The Program: Overview
How to Maximize Your Chances of Dieting Success
No matter where you start the Atkins Diet, follow these 15 tips diet success:
1. UNDERSTAND WHAT YOU'RE EATING.
Atkins is all about eating right. But first you need to know what you’re putting in your mouth. Atkins makes you a nutrition expert—you’ll learn which foods your body needs to lose or maintain weight, how to easily reduce the amount of added sugar and other empty carbs and in your diet, how to understand what that Nutritional Facts label really says and more. Read the Acceptable Foods List for Phase 1
, Phase 2
and Phase 3
. They're your delicious cheat sheets.
2. COUNT YOUR CARBS.
Understand what Net Carbs
are and how to calculate them, using the handy Carb Counter
in combination with the Acceptable Foods Lists.
3. BE SENSIBLE, NOT OBSESSIVE, ABOUT PORTIONS.
There’s no need to count calories on Atkins, but we do ask that you use a little common sense. You probably could guess that too many calories will slow down your weight loss, but here’s a surprise—too few will slow down your metabolism and slow weight loss. You only need worry about calories if, despite following Atkins to the letter, you cannot lose weight. Then a calorie reality check may be in order. Depending upon your height, age and metabolism, you may need to play with the following calorie ranges to lose weight:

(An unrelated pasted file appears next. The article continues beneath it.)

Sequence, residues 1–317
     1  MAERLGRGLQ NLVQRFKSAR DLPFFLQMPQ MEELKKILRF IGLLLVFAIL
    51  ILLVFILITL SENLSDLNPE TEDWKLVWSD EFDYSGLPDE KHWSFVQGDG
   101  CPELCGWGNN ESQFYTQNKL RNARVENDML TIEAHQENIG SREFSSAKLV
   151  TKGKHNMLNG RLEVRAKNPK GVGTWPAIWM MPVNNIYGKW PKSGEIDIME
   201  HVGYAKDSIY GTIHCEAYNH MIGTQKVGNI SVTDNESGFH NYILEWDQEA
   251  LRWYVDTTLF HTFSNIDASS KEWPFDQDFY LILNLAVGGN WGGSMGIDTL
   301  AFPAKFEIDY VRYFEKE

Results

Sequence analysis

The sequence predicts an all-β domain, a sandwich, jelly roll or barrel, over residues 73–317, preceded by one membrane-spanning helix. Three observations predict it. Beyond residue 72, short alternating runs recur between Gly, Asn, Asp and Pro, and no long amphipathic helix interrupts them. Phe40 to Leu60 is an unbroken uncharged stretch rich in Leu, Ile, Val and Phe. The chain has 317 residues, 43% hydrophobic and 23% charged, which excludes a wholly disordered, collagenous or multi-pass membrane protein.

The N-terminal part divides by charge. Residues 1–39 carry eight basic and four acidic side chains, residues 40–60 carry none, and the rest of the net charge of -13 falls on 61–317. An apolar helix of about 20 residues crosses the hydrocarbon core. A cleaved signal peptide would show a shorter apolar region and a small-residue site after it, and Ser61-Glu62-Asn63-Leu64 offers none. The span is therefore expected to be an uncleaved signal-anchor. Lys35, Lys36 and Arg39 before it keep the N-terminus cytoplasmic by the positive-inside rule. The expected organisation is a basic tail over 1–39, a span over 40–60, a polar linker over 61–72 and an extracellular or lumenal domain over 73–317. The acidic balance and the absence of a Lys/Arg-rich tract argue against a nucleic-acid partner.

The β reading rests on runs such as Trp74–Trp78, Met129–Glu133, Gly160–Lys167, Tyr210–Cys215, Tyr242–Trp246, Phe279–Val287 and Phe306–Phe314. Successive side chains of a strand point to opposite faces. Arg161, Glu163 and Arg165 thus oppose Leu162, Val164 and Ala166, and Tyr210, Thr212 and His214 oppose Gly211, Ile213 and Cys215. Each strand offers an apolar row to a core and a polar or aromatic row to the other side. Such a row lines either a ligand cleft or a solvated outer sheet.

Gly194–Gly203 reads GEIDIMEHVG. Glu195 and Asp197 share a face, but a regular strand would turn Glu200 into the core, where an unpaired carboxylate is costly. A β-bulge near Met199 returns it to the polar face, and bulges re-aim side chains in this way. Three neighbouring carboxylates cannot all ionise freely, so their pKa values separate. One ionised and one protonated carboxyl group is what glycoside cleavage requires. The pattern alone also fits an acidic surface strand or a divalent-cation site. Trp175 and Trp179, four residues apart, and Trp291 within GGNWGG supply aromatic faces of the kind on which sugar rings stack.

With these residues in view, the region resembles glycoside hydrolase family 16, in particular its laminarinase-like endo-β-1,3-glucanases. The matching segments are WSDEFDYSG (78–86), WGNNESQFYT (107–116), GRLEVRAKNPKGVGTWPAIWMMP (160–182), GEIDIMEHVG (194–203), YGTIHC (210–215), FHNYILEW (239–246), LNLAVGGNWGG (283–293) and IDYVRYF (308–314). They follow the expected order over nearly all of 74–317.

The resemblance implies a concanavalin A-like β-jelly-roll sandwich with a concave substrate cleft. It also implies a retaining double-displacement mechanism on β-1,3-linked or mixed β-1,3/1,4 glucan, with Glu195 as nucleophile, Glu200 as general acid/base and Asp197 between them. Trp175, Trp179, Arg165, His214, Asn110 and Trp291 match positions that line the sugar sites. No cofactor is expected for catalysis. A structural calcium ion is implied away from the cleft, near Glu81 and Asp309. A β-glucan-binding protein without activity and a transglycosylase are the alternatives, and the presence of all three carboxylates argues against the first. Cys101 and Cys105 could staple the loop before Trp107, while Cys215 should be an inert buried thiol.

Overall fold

1. Women: 1,500–1,800 calories a day.
2. Men: 1,800–2,200 calories per day.
4. EAT REGULARLY. THAT’S RIGHT, NO STARVING YOURSELF.
Regardless of which phase you’re in, eat three regular-sized meals plus two snacks every day. Not to worry. “Snack” is a good word on Atkins. We’ll show you how to stay satisfied between meals and of course, you can enjoy Atkins Bars and Shakes
from Day One. Or, if you prefer, have four or five small meals throughout the day. Eating every few hours maintains your blood sugar and energy levels and keeps your appetite under control. Eat until you’re satisfied but not stuffed.
5. INCLUDE PROTEIN IN EVERY MEAL.
Have 4 to 6 ounces of protein at breakfast, lunch and dinner. It can be red meat, poultry, fish or tofu and can be lean or fatty; even marbled cuts of beef are fine. When you eat leaner cuts, be sure to use plenty of olive oil or other healthy oils on your salads and cooked veggies.
6. SAVOR FOODS WITH NATURAL FATS.
Fat makes food taste good and is good for you. It’s also filling so you eat less. In fact, dietary fat is key to the Atkins program, and to overall good health. All fats except manufactured trans fats (hydrogenated or partially hydrogenated oils) are healthy fats when you are eating low-carb.
7. STEER CLEAR OF ADDED SUGAR.
comes in many forms and is found in most soft drinks and countless other foods. All are high in carbs and calories and empty of other nutrients. Instead, sweeten beverages with noncaloric sweeteners (stevia, sucralose—marketed as
Splenda™—saccharin or xylitol.) Count each packet as 1 gram of Net Carbs and don’t exceed three a day.
8. EAT YOUR VEGGIES.
Be sure to consume at least 12 to 15 grams of carbohydrates in the form of foundation vegetables